The Baleno's recent facelift, which is mostly a new front bumper and a headlight tweak, was probably supposed to improve the looks but instead the car now appears to have had some fillers pumped into its cheeks.
It's not an attractive car from the front, with the grille overpowered by the lower fascia's sheer breadth. The rear and profile are fairly anonymous and to ensure its anonymity, there is little in the way of adornment. Looks basic, is basic.
Step in to the spacious-for-its-size cabin and you'll be greeted with the usual Suzuki staples of super-hard plastics, hardy carpets and tough cloth trim.
There is a little curvaceousness to the dash design but it just feels a bit half-hearted until the curves run into the centre console's alien-with-flappy-ears effect. There's nothing wrong with it but it does look dated.
It's as perky as your morning cup of coffee, the Picanto. The car's designers - it was a shared job between teams in South Korea and Germany - set out to broaden the car's appeal by strengthening its character relative to the outgoing model, ironing out the sharp crease that ran the length of the body, and making the grille bigger and wider.
We quite like the look of it, especially viewed front-on, which starts narrow at the headlights before widening as it descends into the gaping, whale-shark-mouth grille.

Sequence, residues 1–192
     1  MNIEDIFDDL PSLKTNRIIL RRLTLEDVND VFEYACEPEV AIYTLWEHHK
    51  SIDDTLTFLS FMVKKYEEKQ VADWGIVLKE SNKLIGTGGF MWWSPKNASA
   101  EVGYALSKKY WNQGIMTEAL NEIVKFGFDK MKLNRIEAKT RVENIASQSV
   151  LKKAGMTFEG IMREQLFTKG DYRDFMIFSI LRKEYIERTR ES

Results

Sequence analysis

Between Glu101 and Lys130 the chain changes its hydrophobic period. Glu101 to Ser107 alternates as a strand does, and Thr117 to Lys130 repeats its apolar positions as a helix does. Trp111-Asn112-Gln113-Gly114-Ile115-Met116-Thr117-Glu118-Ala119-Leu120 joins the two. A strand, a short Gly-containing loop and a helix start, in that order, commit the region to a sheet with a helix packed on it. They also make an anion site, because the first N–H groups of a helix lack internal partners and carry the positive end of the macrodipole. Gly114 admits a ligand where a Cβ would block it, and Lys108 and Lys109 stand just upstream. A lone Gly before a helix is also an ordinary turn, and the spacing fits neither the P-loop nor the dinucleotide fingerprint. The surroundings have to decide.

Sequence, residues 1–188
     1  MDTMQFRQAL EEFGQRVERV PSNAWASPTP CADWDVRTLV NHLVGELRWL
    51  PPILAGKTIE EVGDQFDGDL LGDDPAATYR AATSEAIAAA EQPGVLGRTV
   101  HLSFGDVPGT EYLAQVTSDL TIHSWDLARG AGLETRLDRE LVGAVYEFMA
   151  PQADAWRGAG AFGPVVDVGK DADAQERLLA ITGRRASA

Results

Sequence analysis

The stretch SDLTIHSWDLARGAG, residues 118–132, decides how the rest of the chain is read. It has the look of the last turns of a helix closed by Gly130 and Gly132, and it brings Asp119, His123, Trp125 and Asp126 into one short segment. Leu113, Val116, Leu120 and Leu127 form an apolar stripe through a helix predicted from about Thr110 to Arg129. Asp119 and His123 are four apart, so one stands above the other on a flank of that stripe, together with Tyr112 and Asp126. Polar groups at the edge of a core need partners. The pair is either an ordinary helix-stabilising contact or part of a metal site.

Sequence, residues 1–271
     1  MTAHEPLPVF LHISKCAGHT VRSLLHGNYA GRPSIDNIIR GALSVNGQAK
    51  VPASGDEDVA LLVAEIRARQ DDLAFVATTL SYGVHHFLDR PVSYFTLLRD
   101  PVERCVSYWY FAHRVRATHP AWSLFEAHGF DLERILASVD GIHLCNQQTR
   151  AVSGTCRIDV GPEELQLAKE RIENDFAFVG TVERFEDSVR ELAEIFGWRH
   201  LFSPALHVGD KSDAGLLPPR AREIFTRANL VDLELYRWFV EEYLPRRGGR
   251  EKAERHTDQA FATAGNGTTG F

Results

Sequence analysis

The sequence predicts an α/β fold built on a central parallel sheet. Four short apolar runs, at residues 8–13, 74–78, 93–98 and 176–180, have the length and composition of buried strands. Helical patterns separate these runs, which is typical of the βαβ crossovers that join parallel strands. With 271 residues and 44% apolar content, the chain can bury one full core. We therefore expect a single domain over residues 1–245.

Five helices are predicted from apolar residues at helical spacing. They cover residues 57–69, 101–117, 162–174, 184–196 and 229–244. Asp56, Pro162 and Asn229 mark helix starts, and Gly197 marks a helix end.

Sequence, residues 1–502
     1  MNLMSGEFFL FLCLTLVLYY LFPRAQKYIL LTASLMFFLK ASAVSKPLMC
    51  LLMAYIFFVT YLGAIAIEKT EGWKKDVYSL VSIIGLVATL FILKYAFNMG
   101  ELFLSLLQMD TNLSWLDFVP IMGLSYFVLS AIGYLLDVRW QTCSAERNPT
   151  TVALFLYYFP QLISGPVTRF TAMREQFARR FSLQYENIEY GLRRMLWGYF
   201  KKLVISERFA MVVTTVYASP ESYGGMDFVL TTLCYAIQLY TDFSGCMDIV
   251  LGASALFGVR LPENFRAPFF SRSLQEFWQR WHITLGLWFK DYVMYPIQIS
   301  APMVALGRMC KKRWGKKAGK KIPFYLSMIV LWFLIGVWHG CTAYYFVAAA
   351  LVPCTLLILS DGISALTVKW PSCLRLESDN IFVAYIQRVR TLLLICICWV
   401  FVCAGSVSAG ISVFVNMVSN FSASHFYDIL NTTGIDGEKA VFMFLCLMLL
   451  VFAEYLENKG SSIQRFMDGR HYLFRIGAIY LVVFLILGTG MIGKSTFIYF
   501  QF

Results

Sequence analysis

There's a few other blink-and-you'll-miss-them changes, like a redesigned boot handle, C-shaped tail-lights and a new number plate housing. But overall we think it looks rather fetching.
Here's some excellent news - there is plenty of space in the Baleno's tiddly sub-four metre frame. The awkwardly-proportioned body has delivered good space for front and rear passengers who would be happier on more comfortable seats, but for city driving, they do just fine.
If you're up to around 180cm tall, there's enough space for you and your legs in the back and headroom is adequate.
Storage is a limited to a couple of open trays but you can put your phone in the same place as the USB port. You get two cupholders at the front and if you don't mind losing the rearmost of your storage trays, the back seat passengers can share it as a solitary cupholder. Each door has a very handy bottle holder that will secure a 1.5-litre vessel.
The boot is a good size for the segment at 355 litres to begin with and 746 with the 60/40 split fold rear seat folded down.
Kia has robbed Peter to pay Paul here. Provided, of course, Peter is riding in the back seat and Paul is sitting up front.
While the Picanto's length and width hasn't changed, it is 5mm higher, and it sits on a 15mm longer wheelbase. And while those numbers seem microscopic, Kia has used them to shake up the interior set-up, adding head, shoulder and legroom for front seat passengers, but stealing a little space from those riding in the back seat.
But the true Tardis is the boot, which now offers up 255 litres (+55 litres) of luggage space with the rear seat in place, and a genuinely impressive 1010 litres (+140 litres) with the 60/40 split rear seat folded flat.